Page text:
solution.
“In Castile and León, teaching languages and the opportunity to learn about other cultures are
areas we are very interested in. This is the strategic goal of our council. For this reason, opening
up to the East Asia region means enriching our activities so that our students and society are
open to the whole world.”60
2.4. Valencia
The autonomous community of Valencia, the fourth in Spain in terms of population (over
4.9 million inhabitants), is located on the Mediterranean coast on the eastern side of the Iberian
Peninsula. An important asset in the region is the largest port in Spain and the Mediterranean
basin, located in Valencia, the capital of the community. Other important port cities include
Sagunto and Castellon. The largest cities in the region, next to the capital, are Alicante, Elche,
Gandia, and Castellon. Geographical location and ports are essential for regional development
and foreign contact.
Valencia is the most experienced Spanish region in cooperation with China. The initiator
of this cooperation in the 1990s was a representative of the Valencia Institute, responsible for
export development. The rst partnership was signed in 1994 with the province of Sichuan, after
previously established partnerships between the capitals of Chengdu and Valencia. Moreover, in
1995, Valencia opened an ofce in Hong Kong, initiating commercial relations. Over the next
10 years, new representations of the region were established: in Shanghai (1997), Beijing (2000),
and Guangzhou (2004). In 2017, representatives of Valencia declared 10 partnerships with China,
yet merely two are considered still active, the ones with Sichuan and Tianjin. Most of the not active
partnerships, established in the 1990s, have never had a formal basis for cooperation (Table 11).
Table 11. Chinese Partners of the Autonomous Community of Valencia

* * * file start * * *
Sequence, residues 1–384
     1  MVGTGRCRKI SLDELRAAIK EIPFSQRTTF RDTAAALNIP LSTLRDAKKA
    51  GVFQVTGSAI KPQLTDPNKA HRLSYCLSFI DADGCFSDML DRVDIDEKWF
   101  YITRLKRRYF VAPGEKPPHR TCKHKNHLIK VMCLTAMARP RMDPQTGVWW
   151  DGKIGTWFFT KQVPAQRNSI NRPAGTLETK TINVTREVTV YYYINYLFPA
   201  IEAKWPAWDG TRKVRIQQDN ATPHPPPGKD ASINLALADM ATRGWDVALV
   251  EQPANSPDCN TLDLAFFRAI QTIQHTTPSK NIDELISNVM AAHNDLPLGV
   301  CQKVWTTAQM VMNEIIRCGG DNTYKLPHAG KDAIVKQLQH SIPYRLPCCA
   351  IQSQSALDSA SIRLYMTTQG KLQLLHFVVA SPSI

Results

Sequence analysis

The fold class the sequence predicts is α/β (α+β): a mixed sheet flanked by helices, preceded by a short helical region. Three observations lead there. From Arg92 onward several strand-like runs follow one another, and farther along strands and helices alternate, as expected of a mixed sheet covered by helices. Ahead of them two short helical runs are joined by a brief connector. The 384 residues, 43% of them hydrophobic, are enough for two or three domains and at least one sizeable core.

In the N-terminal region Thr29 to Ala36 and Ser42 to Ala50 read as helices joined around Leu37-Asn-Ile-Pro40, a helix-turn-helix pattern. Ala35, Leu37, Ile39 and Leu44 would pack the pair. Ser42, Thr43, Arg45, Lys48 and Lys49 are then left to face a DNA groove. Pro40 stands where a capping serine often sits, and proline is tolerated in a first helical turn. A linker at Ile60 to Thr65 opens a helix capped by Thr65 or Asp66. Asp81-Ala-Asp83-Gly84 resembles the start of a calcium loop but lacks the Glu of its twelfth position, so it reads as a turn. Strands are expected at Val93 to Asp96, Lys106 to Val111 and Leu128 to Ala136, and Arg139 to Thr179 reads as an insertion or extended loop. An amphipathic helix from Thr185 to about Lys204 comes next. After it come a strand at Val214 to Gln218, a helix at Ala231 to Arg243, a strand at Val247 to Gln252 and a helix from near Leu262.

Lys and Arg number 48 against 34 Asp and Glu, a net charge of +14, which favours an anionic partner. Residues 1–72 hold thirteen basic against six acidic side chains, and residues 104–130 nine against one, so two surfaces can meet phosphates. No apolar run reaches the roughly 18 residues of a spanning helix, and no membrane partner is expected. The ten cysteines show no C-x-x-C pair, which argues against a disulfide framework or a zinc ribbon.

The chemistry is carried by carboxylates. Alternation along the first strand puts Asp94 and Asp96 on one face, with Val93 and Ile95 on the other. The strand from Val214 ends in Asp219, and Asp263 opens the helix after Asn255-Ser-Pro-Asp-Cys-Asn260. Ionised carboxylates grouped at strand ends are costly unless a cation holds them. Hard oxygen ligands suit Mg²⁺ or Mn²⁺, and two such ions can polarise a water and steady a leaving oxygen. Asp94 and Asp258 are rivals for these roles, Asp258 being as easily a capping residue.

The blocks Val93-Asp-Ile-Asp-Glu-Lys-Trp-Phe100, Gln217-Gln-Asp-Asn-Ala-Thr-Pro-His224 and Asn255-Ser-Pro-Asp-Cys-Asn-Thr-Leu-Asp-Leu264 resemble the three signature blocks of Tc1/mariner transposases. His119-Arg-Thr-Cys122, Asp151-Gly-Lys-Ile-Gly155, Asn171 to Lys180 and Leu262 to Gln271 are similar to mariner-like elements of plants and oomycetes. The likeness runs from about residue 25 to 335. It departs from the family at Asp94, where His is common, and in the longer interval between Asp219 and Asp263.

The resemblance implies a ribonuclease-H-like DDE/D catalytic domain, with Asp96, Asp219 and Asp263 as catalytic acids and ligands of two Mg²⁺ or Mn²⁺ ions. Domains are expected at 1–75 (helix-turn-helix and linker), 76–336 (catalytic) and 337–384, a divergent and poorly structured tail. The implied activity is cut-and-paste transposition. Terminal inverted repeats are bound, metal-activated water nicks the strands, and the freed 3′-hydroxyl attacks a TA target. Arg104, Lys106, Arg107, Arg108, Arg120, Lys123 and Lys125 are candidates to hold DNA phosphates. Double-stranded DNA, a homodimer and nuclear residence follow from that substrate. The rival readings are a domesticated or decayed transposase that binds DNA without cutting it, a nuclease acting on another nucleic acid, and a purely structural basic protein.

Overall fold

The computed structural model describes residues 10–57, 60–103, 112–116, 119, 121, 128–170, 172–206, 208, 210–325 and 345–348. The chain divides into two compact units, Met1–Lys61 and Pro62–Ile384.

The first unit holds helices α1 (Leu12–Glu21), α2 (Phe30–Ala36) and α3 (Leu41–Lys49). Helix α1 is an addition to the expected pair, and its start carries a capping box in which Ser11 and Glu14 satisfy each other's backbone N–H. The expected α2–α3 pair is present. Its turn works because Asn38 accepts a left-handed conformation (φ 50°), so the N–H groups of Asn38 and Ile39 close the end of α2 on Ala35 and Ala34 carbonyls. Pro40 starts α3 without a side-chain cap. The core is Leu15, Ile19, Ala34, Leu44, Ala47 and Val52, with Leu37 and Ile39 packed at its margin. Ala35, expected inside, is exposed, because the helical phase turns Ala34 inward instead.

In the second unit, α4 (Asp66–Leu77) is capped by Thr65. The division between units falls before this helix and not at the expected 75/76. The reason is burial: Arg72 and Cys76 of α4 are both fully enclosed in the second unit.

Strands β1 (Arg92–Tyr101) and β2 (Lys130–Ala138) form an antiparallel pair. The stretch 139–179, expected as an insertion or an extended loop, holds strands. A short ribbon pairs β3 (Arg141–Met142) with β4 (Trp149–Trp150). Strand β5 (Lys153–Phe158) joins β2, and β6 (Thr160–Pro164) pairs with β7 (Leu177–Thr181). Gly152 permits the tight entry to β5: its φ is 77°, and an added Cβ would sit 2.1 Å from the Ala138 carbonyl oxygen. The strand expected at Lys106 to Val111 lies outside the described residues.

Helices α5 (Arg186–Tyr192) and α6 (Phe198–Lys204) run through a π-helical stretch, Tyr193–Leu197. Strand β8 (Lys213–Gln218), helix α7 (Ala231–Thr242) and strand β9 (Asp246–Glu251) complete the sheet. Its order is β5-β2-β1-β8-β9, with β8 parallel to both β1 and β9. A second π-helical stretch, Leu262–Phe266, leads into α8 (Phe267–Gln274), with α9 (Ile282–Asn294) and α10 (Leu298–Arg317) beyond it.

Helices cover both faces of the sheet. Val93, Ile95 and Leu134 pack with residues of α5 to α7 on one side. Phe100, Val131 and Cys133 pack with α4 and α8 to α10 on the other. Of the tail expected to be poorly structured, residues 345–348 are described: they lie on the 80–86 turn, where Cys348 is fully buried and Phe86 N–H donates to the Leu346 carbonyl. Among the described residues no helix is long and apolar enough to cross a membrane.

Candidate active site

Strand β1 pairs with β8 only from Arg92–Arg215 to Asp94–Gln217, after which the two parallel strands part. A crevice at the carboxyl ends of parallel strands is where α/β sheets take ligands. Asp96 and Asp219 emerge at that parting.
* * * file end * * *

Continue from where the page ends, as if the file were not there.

Province/city Status of the Chinese partner Beginning of
cooperation
Agreement/
no agreement
Active/not
active
1 Sichuan province 1994 agreement active
2 Shanghai a city with a provincial status 1997 no agreement not active
3 Liaoning province 2000 agreement not active
59 An interview with a representative of the autonomous community of Castile and León.
60 Ibidem.
The Subnational Dimension of EU-China Relations 47
Province/city Status of the Chinese partner Beginning of
cooperation
Agreement/
no agreement
Active/not
active
4 Pekin a city with a provincial status 2000 no agreement not active
5 Guizhou province 2007 agreement not active
6 Guangzhou capital city of Guangdong
province 2010 agreement not active
7 Ningxia autonomous region Hui 2011 no agreement not active
8 Jilin province 2012 no agreement not active
9 Wenzhou city in Zhejiang province 2012 no agreement not active
10 Fujian province 2014 no agreement not active
11 Tianjin a city with a provincial status 2017 agreement active
Characteristics
Economic cooperation. Since the initial encounters, the emphasis has been on economic
cooperation. Regional ofces were opened to promote the region and facilitate business
relationships. In recent years, however, the support model has changed. All ofces in China
acting as regional representations have been closed. The regional government is represented